I've been using a database set using the same subject and comps for several days, putting together an analysis interface, when I started getting errors on this formula, and always on dates. I figured I just had something going on in my code that was wrong, and was just going to ignore it while I built the interface, and then go back and fix any bugs that were still hanging around.

Until today.

Today, a part of my code that's been in place and untouched for quite a while started throwing the same error. On the same dataset that's been working fine for months without throwing errors. So I get annoyedly curious (if I can coin a word).

I've isolated the problem down to an identifiable breaking point, but I still have no idea what's causing this never-before-experienced error on seemingly legitimate data that's been working fine for weeks.

I've included two screenshots so you can see *exactly* what's happening on my screen; one works, the other throws an error.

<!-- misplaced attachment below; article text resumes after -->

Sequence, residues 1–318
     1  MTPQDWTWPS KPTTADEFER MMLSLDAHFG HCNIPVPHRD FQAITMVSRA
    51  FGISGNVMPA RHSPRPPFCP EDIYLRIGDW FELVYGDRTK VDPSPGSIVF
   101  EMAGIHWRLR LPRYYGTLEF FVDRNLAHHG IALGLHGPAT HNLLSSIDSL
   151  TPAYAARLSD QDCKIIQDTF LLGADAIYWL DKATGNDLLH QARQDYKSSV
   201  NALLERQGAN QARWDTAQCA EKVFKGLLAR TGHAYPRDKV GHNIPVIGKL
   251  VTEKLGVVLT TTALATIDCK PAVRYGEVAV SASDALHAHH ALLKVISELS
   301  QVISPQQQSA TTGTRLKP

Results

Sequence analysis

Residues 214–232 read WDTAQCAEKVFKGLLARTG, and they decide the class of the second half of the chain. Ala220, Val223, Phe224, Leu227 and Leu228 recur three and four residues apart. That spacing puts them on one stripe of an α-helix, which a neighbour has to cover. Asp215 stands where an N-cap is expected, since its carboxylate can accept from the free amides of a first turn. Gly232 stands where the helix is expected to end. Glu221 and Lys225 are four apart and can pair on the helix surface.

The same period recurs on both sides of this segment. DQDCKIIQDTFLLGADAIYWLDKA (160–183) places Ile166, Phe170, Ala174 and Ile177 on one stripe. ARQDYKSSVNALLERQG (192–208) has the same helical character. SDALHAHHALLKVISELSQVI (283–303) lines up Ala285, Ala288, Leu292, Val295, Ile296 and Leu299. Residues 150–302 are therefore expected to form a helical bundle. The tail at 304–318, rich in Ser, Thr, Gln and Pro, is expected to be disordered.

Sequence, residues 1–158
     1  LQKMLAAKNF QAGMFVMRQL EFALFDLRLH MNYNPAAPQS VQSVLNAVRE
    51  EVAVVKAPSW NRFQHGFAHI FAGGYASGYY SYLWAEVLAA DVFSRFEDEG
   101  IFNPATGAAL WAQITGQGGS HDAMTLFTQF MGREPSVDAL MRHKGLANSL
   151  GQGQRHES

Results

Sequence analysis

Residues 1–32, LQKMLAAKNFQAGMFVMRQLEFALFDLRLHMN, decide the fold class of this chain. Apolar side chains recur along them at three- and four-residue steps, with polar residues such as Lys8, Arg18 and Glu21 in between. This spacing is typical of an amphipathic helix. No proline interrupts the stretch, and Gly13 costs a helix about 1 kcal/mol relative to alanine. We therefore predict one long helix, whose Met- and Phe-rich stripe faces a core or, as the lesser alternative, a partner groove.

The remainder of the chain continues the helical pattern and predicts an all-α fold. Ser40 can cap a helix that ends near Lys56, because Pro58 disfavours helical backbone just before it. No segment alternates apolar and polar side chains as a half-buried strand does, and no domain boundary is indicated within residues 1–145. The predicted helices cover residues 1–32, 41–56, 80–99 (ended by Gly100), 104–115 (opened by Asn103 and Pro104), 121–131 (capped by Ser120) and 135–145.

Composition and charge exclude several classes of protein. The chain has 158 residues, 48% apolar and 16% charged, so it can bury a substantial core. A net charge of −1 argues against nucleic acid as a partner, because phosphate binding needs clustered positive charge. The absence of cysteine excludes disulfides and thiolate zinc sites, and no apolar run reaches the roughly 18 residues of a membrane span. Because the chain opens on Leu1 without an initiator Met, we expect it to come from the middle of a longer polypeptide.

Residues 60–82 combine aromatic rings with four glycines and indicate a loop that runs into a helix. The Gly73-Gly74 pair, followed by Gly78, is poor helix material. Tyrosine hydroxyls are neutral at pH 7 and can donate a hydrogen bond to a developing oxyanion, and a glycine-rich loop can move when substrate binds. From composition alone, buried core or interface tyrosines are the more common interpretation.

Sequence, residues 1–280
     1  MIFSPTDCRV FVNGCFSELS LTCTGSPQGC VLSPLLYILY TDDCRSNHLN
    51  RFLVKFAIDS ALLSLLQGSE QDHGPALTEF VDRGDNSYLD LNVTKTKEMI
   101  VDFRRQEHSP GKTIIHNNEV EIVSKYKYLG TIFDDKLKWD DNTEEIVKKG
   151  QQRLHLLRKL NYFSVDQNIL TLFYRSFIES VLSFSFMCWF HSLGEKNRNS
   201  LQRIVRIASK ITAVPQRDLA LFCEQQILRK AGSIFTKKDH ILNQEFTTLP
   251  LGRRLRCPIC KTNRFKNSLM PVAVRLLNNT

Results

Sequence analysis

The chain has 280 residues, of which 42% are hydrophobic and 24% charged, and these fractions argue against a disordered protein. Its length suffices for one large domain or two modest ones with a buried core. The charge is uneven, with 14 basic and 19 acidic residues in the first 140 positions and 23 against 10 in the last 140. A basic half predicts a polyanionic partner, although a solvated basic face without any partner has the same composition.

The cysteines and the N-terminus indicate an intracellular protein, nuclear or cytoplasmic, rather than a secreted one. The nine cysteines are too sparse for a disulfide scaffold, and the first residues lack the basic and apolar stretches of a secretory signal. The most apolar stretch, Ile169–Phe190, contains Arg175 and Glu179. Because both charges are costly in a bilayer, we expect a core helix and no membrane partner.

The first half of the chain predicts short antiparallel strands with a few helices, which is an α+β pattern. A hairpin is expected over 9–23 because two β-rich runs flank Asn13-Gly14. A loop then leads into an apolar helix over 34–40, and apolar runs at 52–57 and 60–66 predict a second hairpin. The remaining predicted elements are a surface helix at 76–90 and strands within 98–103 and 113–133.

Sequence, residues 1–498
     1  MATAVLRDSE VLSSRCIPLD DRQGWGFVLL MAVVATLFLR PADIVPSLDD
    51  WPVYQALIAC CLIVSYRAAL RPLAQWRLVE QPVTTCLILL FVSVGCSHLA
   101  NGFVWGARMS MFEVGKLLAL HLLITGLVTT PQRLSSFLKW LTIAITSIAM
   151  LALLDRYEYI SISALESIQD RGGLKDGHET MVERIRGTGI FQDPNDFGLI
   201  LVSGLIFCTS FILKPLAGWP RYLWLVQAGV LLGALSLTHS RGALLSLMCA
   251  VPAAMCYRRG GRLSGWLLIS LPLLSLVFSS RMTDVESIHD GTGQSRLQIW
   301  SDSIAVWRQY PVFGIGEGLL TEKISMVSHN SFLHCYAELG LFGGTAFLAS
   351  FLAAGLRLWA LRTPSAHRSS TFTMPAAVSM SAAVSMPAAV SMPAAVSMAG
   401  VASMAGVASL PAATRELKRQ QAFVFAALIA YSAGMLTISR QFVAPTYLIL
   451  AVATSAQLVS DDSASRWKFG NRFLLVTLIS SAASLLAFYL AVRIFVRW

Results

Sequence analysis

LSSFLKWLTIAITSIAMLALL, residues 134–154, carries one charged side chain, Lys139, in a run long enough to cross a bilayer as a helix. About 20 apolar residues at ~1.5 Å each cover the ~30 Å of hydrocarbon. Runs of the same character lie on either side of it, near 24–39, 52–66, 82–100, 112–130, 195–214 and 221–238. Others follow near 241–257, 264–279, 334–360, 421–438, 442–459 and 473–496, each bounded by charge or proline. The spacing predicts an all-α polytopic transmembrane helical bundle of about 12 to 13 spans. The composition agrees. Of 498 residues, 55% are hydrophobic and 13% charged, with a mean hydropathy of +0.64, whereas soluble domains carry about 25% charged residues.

Both screenshots show a list of 23 properties that have sold in the past year, closing dates shown in column A, and closing prices shown in column B. There's a scatter chart showing all of the data points of the 23 properties, by date and price. In cell H2, we have the forecast formula I referenced above, with a copy of the actual formula in use immediately below it so you can see it.

The only thing that's different between the screenshots in the data set is the value of cell B24 (highlighted in yellow), the closing price of the 23rd comp. If I set the closing price at \$131,000 or above, everything's fine. The predicted value works in cell H2, and the power trendline is displayed on the scatter chart.

If I set the value of cell B24 below \$131,000 (for example: \$130,000), then the formula errors out to #NUM, and the trendline disappears from the scatter chart. The data point of this 23rd comp is identified in the scatter chart in red, and as you can see, there's nothing all that extraordinary about it. It's not on the fringe. It's not throwing the data set into to some skewed formation. It's just sitting there nicely in the middle as a good little comp.

I've used this formula and charting system on thousands of properties, with anywhere from three to three thousand comps at a time. I've never seen this happen. I have no idea what's causing it, and so I have no idea how to fix it.